The term "refining" means to remove by a purification process, certain coarsenesses or impurities. Sugar refining is the process of extracting out the sugar (sucrose) from the plant materials and then removing other unwanted materials from the extracted raw sugar. These substances can include remaining stalk fibers, soil, insect parts, molds, bacteria and waxes.
Table sugar comes from two primary sources: sugar cane (60%) and sugar beets (40%). Sugar cane grows in tropical and sub-tropical areas while sugar beets, tuberous white bulbs that are members of the common red beet family, are grown in temperate climates. The plants contain juices from which sugar crystals, syrups and molasses are made.
Sugar cane and beets are subjected to the same refining processes and produce identical products. In the repeated processes of washing, boiling, centrifuging, filtering and drying, nearly all of the plant’s nutritional elements are lost. What remains in the raw sugar product is 95% sucrose along with nutritionally insignificant minerals. "Raw Sugar" is not a raw or natural product at all, but is the highly refined, nutritionally depleted, 95% sucrose product before it is even further refined. IF sanitized by steaming this "raw sugar" can be marketed as turbinado. To produce the white crystals we call table sugar, bleaching agents such as lime and carbon dioxide are added. The sugar is then further "purified" (refined) and whitened by being filtered in a water-added liquid state through beef bone char. This process removes even more minerals. Sucrose in its completely refined stage is more familiarly called table sugar. "Pure" sugar refers to chemical purity, devoid of all nutritional and other elements, and not to a wholesome quality.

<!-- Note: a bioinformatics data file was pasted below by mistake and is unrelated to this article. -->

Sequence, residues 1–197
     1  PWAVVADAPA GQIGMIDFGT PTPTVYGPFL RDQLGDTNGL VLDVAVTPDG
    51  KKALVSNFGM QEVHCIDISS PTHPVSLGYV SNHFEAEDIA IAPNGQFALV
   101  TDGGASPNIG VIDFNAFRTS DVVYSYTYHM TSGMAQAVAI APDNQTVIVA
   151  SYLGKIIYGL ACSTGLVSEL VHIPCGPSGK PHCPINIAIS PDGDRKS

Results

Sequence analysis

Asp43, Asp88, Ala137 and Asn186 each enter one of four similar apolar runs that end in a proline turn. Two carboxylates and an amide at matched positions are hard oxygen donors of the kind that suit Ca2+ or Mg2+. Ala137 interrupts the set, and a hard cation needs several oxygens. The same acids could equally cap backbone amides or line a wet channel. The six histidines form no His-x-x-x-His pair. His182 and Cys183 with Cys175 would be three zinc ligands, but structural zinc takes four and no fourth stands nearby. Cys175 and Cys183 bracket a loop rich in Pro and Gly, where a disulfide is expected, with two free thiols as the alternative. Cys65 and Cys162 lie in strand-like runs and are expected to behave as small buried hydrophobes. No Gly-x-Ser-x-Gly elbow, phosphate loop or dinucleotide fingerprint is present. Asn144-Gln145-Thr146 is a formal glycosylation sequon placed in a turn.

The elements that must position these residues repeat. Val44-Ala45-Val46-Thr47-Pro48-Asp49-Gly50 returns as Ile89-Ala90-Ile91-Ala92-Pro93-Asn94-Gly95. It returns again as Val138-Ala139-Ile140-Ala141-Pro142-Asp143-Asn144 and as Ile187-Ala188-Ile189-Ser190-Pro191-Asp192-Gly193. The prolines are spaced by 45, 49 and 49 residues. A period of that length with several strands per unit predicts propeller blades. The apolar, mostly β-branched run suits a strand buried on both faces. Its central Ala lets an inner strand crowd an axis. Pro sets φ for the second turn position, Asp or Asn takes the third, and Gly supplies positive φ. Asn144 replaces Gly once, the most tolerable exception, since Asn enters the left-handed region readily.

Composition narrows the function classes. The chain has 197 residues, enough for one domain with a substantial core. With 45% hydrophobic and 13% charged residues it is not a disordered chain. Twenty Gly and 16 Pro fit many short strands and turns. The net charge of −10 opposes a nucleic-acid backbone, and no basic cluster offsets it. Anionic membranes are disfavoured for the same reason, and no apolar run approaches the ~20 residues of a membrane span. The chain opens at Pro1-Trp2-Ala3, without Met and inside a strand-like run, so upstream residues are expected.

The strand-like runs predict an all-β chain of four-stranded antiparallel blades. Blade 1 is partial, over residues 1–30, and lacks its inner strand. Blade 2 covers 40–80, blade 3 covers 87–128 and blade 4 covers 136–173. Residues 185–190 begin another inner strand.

The completely refined white sugar product is now over 99.9% sucrose and for all practical purposes contains no nutritional elements such as vitamins, minerals, proteins or fibers. This accounts for expressions such as "empty calories" and "junk food".
Molasses is a by-product of sugar refining—a sweet thickened liquid obtained from the second extraction; and black-strap molasses in the liquid left after the third extraction. Light and dark brown sugar are simple refined table sugar to which is added 12-13% molasses. Confectioners sugar (powdered sugar) is pulverized white table sugar.
Sucrose is widely known by a variety of other names including beet sugar, brown sugar, cane sugar, confectioners sugar, invert sugar, powdered sugar, raw sugar, saccherose, table sugar and turbinado.